by Imogen Speith
For quite a while, I struggled to put into actual words what it was about Miranda Lambert’s Platinum that caused me to view it as her worst album. It wasn’t that it there weren’t enjoyable moments on the album. In fact, it had a few very strong cuts: I’ll even admit to “Somethin’ Bad” being guilty pleasure song of mine. I finally put my finger on it, though, and realized that a lot of the album came across as, for lack of a better term, like a lot of novelty songs. Songs like the title track, “Priscillia,” “Old Sh!t,” “Bathroom Sink,” and especially, “Little Red Wagon,” were either flat out bad or only rose to the level of having a certain “in the moment appeal” with little to no ability to stay with the listener afterwards.
So, The Weight of These Wings had some recovery efforts to do. Being a double album, it would take a long time to go song-by-song in this album review, so I’m going to stick on focusing on the highs and lows of the album.
The double album is broken into two parts: “The Nerve” and “The Heart.” Part One, “The Nerve” starts off very strongly with the memorable “Runnin’ Just In Case.” It’s a brilliant vocal performance from Lambert with great production and the arrangement is a standout. Another major highlight of the first half of the album is “Getaway Driver.” And “Ugly Lights” which showcases that Lambert is still capable of putting forth a good drinking song without falling into the trap of sounding like someone who just never grew up (*cough* Blake Shelton *cough*).
“Vice” is the album’s first single and is a unique song that sets a good tone for the overall feel of the first half of the album. “We Should Be Friends,” is the album’s second single. It’s not the best song the album has to offer, but there’s something about the song that’s enjoyable. I’m not sure how it works as a single, but it would have had potential to be a strong album cut…one of those songs that allows the album to take a brief change in tone.
That’s not to say the first half of the album doesn’t have its faults. “Pink Sunglasses” is a song about maintaining an optimistic outlook (playing on the idea of rose-colored glasses), but its tone and style come across as the same novelty-like sound that bogged down Platinum. Luckily though, that level is kept to a minimum on this collection.
The final song on Part One of the album, “Use My Heart,” provides the link between the halves of the album with the line “I don’t have the nerve to use my heart.” Reading this, perhaps this sounds cliché or a poor attempt to link the two halves, but it doesn’t feel at all forced, and it’s a great song to end Disc One.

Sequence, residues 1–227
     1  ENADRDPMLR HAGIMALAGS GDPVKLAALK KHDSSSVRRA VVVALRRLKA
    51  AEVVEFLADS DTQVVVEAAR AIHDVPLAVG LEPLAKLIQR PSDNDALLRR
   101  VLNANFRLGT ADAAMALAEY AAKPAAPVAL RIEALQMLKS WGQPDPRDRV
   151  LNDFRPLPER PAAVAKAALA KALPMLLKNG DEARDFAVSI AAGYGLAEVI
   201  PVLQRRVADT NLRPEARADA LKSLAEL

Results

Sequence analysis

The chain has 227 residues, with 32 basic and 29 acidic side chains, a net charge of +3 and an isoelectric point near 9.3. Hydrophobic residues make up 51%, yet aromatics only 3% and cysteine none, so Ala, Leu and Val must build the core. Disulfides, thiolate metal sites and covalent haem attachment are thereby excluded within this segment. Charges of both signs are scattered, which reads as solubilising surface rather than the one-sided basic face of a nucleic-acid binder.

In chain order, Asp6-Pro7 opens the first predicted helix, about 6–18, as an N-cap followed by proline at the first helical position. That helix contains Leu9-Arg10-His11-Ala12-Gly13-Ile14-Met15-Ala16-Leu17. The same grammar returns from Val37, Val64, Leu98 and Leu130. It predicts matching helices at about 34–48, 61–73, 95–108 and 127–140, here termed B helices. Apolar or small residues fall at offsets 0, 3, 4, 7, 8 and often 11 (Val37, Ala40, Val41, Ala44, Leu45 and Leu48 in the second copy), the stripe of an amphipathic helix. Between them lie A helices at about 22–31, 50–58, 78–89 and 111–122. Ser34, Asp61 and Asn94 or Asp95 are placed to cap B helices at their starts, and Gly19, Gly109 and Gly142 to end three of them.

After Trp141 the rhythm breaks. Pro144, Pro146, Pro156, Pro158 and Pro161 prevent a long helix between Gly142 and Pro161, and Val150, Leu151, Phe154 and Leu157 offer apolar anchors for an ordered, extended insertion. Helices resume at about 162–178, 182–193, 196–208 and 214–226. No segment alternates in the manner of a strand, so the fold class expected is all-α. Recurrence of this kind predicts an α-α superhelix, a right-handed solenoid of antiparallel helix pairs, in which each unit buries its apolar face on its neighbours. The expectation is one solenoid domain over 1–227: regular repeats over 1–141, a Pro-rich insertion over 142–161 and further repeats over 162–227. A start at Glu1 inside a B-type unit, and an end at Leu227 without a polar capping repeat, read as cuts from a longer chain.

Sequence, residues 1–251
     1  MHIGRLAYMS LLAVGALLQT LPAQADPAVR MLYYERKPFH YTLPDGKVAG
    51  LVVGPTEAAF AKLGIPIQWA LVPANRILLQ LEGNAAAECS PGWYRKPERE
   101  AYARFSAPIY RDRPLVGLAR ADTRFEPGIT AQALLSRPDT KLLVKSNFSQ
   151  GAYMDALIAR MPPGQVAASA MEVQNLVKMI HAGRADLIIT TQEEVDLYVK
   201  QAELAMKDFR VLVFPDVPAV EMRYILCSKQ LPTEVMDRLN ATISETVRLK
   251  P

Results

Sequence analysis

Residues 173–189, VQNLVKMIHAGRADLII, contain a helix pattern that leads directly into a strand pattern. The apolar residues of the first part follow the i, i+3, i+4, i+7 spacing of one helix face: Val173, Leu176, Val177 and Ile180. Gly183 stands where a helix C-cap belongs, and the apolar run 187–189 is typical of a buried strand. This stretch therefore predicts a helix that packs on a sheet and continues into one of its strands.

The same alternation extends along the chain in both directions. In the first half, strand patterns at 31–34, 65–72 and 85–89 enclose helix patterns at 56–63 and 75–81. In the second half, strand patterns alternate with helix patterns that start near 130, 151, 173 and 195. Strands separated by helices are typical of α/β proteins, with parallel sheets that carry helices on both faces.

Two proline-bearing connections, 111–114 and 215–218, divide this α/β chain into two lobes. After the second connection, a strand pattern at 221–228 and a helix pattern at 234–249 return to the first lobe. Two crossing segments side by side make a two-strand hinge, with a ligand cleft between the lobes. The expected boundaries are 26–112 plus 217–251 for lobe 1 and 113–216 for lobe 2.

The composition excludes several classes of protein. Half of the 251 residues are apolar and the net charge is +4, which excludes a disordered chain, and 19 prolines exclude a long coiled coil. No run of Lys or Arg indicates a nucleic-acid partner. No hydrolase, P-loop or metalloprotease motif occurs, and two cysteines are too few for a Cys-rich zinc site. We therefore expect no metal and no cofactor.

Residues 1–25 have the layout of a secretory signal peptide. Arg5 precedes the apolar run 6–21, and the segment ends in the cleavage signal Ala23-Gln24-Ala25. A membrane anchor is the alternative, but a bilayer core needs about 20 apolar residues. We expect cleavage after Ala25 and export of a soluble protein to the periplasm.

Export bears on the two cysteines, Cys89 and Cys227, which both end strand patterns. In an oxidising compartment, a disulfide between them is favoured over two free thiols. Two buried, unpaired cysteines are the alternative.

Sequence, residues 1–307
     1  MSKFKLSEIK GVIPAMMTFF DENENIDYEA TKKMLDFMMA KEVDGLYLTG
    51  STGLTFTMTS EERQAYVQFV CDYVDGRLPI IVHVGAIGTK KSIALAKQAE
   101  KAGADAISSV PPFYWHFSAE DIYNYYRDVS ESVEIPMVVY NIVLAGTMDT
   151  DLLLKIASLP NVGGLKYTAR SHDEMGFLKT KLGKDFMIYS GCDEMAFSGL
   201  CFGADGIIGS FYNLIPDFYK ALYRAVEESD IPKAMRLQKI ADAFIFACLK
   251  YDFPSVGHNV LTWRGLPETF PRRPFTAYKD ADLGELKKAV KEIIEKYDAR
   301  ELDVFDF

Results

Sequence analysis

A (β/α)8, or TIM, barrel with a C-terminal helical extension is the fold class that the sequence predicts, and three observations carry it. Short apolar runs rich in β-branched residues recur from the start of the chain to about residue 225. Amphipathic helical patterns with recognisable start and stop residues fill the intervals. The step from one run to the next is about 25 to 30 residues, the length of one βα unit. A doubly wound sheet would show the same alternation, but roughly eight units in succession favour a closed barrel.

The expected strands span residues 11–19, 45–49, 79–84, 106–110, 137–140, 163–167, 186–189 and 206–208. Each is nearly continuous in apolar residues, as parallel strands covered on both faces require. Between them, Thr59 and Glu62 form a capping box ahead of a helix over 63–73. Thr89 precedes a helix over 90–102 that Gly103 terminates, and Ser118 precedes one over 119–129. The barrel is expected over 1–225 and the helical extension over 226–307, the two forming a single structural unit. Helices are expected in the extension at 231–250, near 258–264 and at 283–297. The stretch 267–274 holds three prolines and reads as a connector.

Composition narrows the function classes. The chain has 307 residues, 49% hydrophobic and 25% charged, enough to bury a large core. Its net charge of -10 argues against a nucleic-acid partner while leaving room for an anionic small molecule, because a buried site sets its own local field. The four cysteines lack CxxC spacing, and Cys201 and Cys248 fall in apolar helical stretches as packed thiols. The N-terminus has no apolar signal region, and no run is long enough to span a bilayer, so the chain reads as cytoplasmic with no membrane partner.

The second half of the album, “The Heart,” starts off with “Tin Man,” a song with thematic similarities to Kenny Chesney’s early song of the same name. Lambert sings with desperation and great emotion on the track. “Keeper of the Flame” is another highlight of the second part of the album. “For the Birds” is one of the few faltering points on Part Two. Like “Pink Sunglasses,” I couldn’t connect with this song or find much substance behind it.
The review of the album wouldn’t be complete without digging a bit into the inspiration behind a lot of the music Lambert is offering here. A lot more effort seems to have been put into this album than her ex-husband’s recent output. While Shelton seemed to be content to throw out mean-spirited thinly-veiled double-entendres a la “She’s Got a Way With Words” and rub it in about his new love “A Guy With a Girl,” there’s much more emotion shown in Lambert’s album (and a much bigger hand in the songwriting, giving her an opportunity to tell her listeners how she feels in her own words). She lays a lot more on the table, and it shows. With Lambert’s album, I heard an array of emotions: anger, sorrow, sadness, regret, a sense of humor, and hope.
Lambert stepped up her game from her previous album, and the results are what you’d expect: a return to what made her so endearing in the first place. It’s not a perfect album: it has a few faults. But it’s well worth the time to listen to it through.